Seminal Research

And it came to pass in those days, that there went out a decree from Caesar Augustus that all the world should be taxed.

—New Testament

Experienced advisers often wonder why it took until the 1990s b e fo re tax- aware investment management began to gain traction. One of the many reasons for this was the lack of research avail-abl e t o the investment community and investors. To conduct any type of analysis t akes two main ingredients: knowledgeable individuals to conduct the exe rc ise an d a means to measure results on the subject they wish to investigate. The first research ingredient was present in academics, s u ch as George M. Constantinides, a noted professor at the University of Chicago, who wrote several outstanding articles in the early 1980s.1 His work addresses optimal trading of both stocks and bonds, and he coau th o re d an article with Myron S. Scholes on asset pricing that takes into account the impact of personal taxes. Furthermore, a review of his refe rences quickly reveals there had been a great deal of work taking taxes into account by noted individuals in the 1970s. However, the mores ophisti cat ed res earch of the time emphasized how taxes influenced the pricing of securities, rather than whether or not analysts and portfolio managers took them into consideration. The other essential ingredient is havin g a way to measure results. Unfortunately, we still do not have dat ab ases or methods to accurately measure after-tax results of separate account managers in any meaningful way. To do this we must still rely on information from mutual funds, which is historically still a relatively young industry. Whereas the first fund was launched in Boston in 1924, the re al s truct u re and re gulat o ry framework for the industry was not put into place until 1940, and the number of funds did not surpass 500 until 1978.2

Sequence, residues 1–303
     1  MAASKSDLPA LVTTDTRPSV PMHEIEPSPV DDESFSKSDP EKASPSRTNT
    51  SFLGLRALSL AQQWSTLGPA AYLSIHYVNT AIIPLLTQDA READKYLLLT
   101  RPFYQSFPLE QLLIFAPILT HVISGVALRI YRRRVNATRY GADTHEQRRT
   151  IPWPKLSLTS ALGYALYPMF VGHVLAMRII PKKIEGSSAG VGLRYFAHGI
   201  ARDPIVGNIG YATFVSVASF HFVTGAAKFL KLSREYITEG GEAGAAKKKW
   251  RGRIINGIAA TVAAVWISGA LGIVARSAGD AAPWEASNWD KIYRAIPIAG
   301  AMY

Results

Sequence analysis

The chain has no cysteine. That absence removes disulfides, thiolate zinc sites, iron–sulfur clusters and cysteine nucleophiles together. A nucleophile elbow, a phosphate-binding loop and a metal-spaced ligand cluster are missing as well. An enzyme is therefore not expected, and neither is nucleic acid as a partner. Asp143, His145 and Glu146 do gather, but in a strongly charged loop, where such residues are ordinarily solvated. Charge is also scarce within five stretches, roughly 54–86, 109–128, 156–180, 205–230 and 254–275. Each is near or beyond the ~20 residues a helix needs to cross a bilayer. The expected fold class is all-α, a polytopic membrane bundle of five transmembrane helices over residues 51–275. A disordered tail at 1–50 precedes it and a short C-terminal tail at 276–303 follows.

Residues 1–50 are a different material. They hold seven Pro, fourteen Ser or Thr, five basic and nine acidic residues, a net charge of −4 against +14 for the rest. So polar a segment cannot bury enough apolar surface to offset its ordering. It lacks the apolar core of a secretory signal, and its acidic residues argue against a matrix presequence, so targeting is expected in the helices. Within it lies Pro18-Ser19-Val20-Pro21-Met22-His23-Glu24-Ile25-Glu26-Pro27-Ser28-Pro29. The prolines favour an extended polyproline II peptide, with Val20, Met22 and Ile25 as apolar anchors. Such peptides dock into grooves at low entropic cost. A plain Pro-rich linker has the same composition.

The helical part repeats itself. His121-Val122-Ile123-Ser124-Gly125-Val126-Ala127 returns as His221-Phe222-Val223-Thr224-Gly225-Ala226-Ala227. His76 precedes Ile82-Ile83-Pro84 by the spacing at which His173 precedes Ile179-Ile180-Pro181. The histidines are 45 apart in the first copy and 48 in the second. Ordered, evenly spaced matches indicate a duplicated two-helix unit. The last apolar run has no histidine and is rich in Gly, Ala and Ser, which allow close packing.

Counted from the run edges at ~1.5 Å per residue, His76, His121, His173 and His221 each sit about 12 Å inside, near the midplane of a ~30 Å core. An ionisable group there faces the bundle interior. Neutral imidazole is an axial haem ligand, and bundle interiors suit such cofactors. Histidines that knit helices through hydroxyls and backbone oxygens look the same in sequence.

" I s Your Apha Big Enough to Cover Its Taxes?" published in the Jour-na I of Portfolio Management in the spring of 1993, was the first article to use mutual fund tax-related information to truly capture the impact on investment returns.3 The story behind this article is worth sharing, as it o ffers s everal valuable lessons.4 The article was coauthored by Robert D. Anott and Robert H. Jeffrey. At the time the article was prepared, Arnott was the president of First Quadrant, a firm recognized for quantitative investing and insightful research. Most recently, he founded his own firm, Research Affiliates, and is the portfolio manager of the highly successful PIMCO Al Aset Fund. Known as a prolific author and coauthor of numerous articles on an array of investment-related subjects, Arnott also s erves as ed i t o r o f the Financial Analysts Journal, the research journal of the CFA Institute. Robert "Tad" Jeffrey is a hands-on practitioner and has published several noteworthy articles,as well.